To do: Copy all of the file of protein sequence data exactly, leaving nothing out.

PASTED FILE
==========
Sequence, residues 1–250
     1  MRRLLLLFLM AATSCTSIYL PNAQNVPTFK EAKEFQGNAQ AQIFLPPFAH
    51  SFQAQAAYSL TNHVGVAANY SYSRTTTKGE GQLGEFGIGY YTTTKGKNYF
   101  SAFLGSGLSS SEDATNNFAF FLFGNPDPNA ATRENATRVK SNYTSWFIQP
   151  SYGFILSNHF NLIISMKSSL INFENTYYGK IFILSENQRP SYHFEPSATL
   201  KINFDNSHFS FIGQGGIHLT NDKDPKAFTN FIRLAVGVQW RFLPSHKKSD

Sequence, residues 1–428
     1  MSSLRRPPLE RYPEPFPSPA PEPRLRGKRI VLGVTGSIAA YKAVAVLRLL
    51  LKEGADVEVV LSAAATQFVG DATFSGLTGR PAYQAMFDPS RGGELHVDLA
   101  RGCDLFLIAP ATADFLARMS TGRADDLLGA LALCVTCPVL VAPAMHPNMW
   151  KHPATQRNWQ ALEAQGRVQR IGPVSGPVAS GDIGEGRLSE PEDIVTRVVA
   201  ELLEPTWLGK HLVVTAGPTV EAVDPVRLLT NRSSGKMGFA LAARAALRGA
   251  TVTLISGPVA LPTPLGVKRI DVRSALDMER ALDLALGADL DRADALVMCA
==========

Sequence, residues 1–250
     1  MRRLLLLFLM AATSCTSIYL PNAQNVPTFK EAKEFQGNAQ AQIFLPPFAH
    51  SFQAQAAYSL TNHVGVAANY SYSRTTTKGE GQLGEFGIGY YTTTKGKNYF
   101  SAFLGSGLSS SEDATNNFAF FLFGNPDPNA ATRENATRVK SNYTSWFIQP
   151  SYGFILSNHF NLIISMKSSL INFENTYYGK IFILSENQRP SYHFEPSATL
   201  KINFDNSHFS FIGQGGIHLT NDKDPKAFTN FIRLAVGVQW RFLPSHKKSD

Sequence, residues 1–428
     1  MSSLRRPPLE RYPEPFPSPA PEPRLRGKRI VLGVTGSIAA YKAVAVLRLL
    51  LKEGADVEVV LSAAATQFVG DATFSGLTGR PAYQAMFDPS RGGELHVDLA
   101  RGCDLFLIAP ATADFLARMS TGRADDLLGA LALCVTCPVL VAPAMHPNMW
   151  KHPATQRNWQ ALEAQGRVQR IGPVSGPVAS GDIGEGRLSE PEDIVTRVVA
   201  ELLEPTWLGK HLVVTAGPTV EAVDPVRLLT NRSSGKMGFA LAARAALRGA
   251  TVTLISGPVA LPTPLGVKRI DVRSALDMER ALDLALGADL DRADALVMCA